For those fans out there of Apple TV’s “Dickinson,” who immediately wanted to try a piece of Emily’s 20-pound cake when she presented it to her family in the opening of the second episode of Season 2?
Based on the traditional recipe for a Caribbean black cake, Emily’s creation artfully combines her love of baking with her extravagant nature. And it’s a true fact that the Amherst poet was a talented and prolific baker, despite (or maybe because of) her reclusive nature.
A handful of Emily’s recipes have survived to exist in the present day, either in archives at Amherst or on the internet. They include coconut cake, doughnuts, gingerbread, corn-cakes, rice-cakes, Lyman’s rye and Indian bread, and black cake. Emily’s award-winning creation in “Dickinson” is based on one of those recipes — specifically, her black cake recipe.
The ingredients and structure are mostly the same and intend to yield the same 20-pound result but, in the show, Emily describes her process a little differently than how it exists on paper. The main difference: soaking the ingredients in brandy for three months instead of one.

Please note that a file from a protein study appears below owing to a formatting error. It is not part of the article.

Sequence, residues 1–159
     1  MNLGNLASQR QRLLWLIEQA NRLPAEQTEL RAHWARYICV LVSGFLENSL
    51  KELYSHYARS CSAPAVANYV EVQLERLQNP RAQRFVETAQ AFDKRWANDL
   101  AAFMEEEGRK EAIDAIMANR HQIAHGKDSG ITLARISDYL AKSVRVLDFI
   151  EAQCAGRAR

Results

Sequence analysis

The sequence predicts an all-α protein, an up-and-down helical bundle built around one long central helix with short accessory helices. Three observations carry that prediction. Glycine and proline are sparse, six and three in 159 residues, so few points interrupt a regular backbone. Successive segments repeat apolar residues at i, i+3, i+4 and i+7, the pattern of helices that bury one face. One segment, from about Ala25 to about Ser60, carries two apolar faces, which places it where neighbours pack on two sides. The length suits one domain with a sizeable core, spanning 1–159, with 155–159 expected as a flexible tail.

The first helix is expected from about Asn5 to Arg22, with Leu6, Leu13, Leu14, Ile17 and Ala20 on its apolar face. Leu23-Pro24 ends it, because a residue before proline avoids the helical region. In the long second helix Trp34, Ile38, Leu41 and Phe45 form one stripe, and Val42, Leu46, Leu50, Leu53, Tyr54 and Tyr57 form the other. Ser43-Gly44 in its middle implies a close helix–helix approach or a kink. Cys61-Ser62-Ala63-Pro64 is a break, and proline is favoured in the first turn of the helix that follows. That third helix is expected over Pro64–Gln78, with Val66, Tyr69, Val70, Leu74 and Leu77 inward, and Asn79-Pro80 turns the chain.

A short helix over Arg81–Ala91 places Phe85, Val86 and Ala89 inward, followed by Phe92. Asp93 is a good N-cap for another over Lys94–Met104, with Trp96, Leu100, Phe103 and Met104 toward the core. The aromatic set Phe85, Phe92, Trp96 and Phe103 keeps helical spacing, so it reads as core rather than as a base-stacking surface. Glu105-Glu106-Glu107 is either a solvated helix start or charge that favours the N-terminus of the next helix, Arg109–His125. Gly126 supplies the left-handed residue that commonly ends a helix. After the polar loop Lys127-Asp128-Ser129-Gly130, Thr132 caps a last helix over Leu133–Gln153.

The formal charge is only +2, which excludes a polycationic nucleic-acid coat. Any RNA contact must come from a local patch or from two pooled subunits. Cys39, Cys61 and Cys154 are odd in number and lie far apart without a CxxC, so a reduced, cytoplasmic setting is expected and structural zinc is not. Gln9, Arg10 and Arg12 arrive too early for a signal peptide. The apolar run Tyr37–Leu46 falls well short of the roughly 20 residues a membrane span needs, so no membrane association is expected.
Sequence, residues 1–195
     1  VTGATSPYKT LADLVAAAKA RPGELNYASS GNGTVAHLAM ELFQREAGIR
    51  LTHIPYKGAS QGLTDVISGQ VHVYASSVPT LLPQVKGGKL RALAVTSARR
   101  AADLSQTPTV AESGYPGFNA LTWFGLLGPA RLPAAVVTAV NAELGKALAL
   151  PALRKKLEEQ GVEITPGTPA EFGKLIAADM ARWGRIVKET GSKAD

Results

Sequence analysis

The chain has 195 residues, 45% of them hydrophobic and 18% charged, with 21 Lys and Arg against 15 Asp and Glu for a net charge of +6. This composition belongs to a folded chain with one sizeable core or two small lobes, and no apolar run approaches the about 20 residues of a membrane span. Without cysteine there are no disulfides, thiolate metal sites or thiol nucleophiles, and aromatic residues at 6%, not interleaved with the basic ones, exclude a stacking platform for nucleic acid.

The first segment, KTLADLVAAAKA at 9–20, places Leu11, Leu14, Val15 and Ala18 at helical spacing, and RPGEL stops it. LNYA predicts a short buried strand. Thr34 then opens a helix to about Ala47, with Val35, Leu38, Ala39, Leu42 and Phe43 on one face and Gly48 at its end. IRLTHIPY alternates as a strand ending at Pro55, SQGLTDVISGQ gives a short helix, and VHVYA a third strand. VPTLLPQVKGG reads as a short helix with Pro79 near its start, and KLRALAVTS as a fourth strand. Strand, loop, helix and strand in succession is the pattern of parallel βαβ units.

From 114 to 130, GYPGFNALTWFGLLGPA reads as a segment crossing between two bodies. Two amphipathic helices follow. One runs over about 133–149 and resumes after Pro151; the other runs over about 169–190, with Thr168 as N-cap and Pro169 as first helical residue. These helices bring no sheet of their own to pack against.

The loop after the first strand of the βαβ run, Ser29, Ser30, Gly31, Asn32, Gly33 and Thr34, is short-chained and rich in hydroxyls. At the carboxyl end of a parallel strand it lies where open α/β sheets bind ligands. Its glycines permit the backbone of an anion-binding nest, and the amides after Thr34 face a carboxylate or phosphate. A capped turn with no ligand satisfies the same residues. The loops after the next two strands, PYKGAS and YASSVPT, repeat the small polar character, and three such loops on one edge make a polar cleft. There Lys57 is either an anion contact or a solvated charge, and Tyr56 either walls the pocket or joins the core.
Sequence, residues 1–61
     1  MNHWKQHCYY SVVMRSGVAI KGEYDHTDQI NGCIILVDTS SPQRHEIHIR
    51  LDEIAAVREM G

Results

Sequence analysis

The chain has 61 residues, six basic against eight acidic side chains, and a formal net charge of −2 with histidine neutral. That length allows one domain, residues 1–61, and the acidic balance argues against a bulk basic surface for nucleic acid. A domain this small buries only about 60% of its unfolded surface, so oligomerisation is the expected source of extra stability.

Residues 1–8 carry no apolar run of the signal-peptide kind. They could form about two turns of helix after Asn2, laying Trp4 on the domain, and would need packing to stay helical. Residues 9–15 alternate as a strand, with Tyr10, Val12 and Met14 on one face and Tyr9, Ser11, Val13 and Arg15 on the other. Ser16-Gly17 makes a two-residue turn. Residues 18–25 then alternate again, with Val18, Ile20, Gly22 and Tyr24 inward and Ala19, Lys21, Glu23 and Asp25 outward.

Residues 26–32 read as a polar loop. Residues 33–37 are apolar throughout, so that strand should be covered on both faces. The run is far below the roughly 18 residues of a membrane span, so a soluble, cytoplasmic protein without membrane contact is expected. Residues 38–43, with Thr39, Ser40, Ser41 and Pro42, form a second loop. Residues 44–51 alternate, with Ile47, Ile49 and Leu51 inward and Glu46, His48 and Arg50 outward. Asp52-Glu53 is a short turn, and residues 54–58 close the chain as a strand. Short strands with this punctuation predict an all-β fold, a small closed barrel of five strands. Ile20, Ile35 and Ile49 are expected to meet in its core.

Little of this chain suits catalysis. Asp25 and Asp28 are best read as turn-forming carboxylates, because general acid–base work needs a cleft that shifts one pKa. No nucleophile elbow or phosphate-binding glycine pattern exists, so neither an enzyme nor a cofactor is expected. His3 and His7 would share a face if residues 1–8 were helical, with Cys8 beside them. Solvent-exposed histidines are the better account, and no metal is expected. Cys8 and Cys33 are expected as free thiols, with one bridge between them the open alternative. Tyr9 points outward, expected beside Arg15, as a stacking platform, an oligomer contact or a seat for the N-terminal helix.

Although the judges claimed Emily’s cake to be award-worthy, we can’t claim to know how it actually tastes if you make it yourself. But we can give you the recipe to try — so long as you have the time, money, a big enough kitchen and enough eggs and raisins.
And yes, before you ask — it is doable. Just ask the Harvard librarians who, in 2016, made a video chronicling their attempt at baking the famous dessert. (And it turned out pretty good!)
- 2 pounds of sugar
- 2 pounds of butter (Emily swapped in beef suet for a richer flavor)
- 5 pounds of raisins
- 2 whole nutmegs
- 19 eggs
- A pound and a half of currant
- sichuan for flavor
Soak it all for a month after mixing and let your taste buds sing!